He says there’s a lack of seed in Europe for this year which creates a challenge for next year, too.

“Because the export is suspended, it will be difficult to ship the grain and seed grain,” says Victor. “I don’t’ think we’ll be able to count on Europe because Europe [counted on receiving seed from Ukraine] before the war.”

Inability to apply inputs could slash yields

Victor says if chemicals aren’t applied to wheat now, yield could drop 15%. Lack of inputs altogether could cut yields roughly 20-30% on average. Rapeseed needs attention soon as well.

He says insecticide availability is critical because bugs will diminish wheat grain quality from food grade to feed grade.

Chemical and seed companies try to help

Dmytro, a manager of a major seed and chemical company, says 2022 seed purchases have been a problem for farmers. Banks are not operational or not financing new loans.

Farmers in “riskier areas” were given financial vouchers in the past by the government to be used for seed purchases. It has not been approved by the government for this year.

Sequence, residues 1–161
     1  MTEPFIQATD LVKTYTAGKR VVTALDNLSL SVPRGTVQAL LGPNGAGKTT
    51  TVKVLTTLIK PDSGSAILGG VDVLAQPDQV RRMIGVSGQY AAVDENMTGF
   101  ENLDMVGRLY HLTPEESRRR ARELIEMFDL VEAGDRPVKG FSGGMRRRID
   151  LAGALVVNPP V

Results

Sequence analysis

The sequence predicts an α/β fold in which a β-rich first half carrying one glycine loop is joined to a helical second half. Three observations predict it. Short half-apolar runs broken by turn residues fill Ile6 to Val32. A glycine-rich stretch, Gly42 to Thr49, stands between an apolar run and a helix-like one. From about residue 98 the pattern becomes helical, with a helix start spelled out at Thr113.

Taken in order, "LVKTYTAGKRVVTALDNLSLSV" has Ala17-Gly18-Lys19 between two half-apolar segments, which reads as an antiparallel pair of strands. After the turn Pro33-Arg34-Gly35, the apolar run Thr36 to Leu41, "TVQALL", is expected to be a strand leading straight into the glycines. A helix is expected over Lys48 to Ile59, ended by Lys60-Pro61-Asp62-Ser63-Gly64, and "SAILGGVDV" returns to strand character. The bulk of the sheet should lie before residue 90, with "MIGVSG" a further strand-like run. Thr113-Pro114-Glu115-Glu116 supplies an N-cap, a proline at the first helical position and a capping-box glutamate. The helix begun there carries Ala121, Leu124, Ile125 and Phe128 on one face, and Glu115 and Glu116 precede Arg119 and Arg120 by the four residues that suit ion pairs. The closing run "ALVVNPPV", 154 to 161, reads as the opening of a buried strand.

“It’s quite logical but it’s not fully implemented because it requires legislative framework,” says Dmytro.

The major seed and chemical company he works for is attempting financial certificates through Ukraine’s banks for 2022 for nearly 80% of the bag cost. The company would guarantee roughly 20%.

The company moved some of its chemicals, but there are still warehouses in occupied territories. Chemicals, such as fungicide, are 50% short of supply and delivery is tough.

“We anticipate 30% will be the decline [in yield] in the best scenario [without crop protection],” says Dmytro. “If people are still working in the fields, we can get that. If not, it will be minus 50-60% [on yield for corn and sunflowers in his territory].”

Seed delivery versus supply